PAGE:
Nokia Lumia 830

The Nokia Lumia 830 is a smartphone developed by Microsoft Mobile and branded as "Nokia" that runs Microsoft's Windows Phone 8.1 operating system. It was announced on September 4, 2014 at Internationale Funkausstellung Berlin and released in October 2014. It is a successor to the 2012 Nokia Lumia 820 and marketed as an "affordable flagship".

Nokia Lumia 930

The Nokia Lumia 930 is a high-end smartphone developed by Nokia that runs Microsoft's Windows Phone 8.1 operating system. It was announced on April 2, 2014 at Microsoft Build 2014 and was released in April 2014 as Nokia's (and later Microsoft Mobile's) flagship. It is the last high-end Nokia-branded Lumia device and succeeded by the Microsoft-branded Lumia 950 and its XL equivalent.

The Nokia Lumia Icon, which is exclusive to Verizon Wireless in the United States, is essentially a derivative of the Lumia 930. The two versions share a common design and specifications; the only hardware difference is that the 930 is equipped with GSM radios and available as both carrier-locked and unlocked versions, while the Icon has both GSM and CDMA radios and is always sold unlocked. The other difference is that the 930 was originally pre-loaded with the newer Windows Phone 8.1 rather than the previous-generation Windows Phone 8 Update 3 on the Icon.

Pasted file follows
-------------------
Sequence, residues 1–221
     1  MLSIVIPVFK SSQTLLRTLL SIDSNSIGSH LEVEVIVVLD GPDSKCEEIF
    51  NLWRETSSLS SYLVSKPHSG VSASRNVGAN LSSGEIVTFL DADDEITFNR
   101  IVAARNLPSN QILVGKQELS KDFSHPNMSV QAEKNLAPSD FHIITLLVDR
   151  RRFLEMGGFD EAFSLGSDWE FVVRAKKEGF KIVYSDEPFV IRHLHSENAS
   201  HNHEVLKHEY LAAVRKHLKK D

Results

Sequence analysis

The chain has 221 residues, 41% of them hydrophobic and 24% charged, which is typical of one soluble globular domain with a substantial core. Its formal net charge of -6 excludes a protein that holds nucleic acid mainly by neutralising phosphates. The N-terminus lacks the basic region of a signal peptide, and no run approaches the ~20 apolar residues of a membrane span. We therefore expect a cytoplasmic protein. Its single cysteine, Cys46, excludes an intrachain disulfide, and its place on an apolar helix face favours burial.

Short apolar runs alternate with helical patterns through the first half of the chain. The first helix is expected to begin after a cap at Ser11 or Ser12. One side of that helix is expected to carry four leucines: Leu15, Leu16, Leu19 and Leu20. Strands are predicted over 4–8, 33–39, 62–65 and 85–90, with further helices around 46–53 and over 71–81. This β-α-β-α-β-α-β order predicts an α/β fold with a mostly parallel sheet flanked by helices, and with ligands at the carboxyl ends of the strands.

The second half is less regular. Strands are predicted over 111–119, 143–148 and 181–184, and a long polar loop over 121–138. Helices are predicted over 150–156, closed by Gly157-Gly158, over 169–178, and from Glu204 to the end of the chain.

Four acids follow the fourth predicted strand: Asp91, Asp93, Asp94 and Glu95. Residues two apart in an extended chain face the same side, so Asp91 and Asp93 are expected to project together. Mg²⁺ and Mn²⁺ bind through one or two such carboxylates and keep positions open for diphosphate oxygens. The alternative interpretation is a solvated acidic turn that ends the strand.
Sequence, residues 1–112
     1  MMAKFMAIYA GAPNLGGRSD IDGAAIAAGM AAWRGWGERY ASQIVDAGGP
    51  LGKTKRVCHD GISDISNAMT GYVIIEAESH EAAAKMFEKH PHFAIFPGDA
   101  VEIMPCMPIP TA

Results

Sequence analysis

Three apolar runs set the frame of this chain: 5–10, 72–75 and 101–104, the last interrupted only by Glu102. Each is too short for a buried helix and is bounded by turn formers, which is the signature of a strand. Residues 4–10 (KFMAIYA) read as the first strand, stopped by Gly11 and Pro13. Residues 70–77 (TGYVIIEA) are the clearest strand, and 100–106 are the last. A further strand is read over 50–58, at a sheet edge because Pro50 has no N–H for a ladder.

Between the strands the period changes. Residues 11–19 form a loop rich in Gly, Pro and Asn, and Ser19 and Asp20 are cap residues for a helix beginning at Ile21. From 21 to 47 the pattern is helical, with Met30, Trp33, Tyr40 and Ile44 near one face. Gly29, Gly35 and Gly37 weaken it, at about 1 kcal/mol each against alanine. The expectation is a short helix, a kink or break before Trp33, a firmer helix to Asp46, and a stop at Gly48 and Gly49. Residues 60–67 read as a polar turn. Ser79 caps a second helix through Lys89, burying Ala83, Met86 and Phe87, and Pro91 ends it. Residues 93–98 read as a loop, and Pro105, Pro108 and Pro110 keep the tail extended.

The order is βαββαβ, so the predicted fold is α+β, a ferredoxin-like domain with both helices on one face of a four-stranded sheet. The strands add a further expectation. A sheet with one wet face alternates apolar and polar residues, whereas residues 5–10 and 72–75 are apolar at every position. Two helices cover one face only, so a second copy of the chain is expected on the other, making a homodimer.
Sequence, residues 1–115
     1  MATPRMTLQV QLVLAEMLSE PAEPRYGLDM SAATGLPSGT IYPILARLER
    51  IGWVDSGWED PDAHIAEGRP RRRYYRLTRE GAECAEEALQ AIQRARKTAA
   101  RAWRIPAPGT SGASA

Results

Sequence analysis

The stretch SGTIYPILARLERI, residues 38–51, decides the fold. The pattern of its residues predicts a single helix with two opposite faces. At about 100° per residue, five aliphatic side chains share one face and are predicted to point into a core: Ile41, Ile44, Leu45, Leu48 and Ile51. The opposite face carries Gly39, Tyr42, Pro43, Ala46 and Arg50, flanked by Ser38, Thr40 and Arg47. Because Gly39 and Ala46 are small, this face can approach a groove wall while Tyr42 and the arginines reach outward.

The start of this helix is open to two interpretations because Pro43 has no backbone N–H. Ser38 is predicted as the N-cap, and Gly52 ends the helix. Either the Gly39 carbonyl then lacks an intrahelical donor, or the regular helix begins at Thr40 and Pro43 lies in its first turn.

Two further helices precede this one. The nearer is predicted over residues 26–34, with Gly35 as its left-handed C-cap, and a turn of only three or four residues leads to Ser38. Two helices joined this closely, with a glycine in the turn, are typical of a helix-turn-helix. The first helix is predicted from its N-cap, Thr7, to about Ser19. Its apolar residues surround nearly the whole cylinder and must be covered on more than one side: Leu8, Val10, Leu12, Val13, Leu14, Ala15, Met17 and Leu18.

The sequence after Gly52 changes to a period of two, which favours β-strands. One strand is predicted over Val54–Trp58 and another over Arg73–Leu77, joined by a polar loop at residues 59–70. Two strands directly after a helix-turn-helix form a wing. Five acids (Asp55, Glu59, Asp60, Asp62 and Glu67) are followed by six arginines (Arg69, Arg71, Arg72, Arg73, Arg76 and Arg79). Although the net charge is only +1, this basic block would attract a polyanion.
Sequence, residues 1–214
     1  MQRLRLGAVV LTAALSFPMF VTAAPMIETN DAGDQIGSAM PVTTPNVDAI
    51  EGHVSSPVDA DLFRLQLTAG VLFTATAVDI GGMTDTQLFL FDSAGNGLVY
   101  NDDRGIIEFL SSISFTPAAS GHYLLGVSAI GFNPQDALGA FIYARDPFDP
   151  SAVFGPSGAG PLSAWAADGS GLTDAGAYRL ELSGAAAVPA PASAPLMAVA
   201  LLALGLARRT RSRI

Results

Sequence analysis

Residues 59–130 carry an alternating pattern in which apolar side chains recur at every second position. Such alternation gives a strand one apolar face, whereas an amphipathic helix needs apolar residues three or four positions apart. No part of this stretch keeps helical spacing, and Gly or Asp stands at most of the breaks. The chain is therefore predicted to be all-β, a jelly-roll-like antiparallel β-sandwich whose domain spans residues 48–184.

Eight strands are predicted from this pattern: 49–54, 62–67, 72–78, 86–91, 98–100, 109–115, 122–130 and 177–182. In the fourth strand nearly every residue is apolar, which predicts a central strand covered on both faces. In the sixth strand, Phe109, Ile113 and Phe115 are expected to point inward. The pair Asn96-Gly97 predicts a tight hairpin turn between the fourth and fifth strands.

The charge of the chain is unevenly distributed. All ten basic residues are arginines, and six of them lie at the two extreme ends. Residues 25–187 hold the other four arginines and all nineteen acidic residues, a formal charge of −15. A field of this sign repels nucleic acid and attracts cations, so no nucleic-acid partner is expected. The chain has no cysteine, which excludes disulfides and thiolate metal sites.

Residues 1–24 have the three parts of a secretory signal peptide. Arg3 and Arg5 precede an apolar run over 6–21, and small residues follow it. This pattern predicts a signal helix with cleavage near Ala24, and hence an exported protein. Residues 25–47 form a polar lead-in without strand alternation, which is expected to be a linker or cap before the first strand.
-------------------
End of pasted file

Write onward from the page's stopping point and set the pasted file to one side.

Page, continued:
Neither the 930 nor the Icon have the Glance feature, which displays the time and other selectable information on the display of an otherwise sleeping phone. While other contemporary Nokia smartphones have Glance, the 930 and Icon do not because their displays lack the necessary "display memory" feature.

Nokia Lumia Icon

The Nokia Lumia Icon (originally known as the Lumia 929) is a high-end smartphone developed by Nokia that runs Microsoft's Windows Phone 8.1 operating system. It was announced on February 12, 2014, and released on Verizon Wireless in the United States on February 20, 2014. It is currently exclusive to Verizon and the U.S. market; its international counterpart is the Nokia Lumia 930.

On February 11, 2015, Verizon released the Windows Phone 8.1 operating system and Lumia Denim firmware update for the Icon. On June 23, 2016, Verizon released the Windows 10 Mobile operating system update for the Icon.

Samsung Ativ S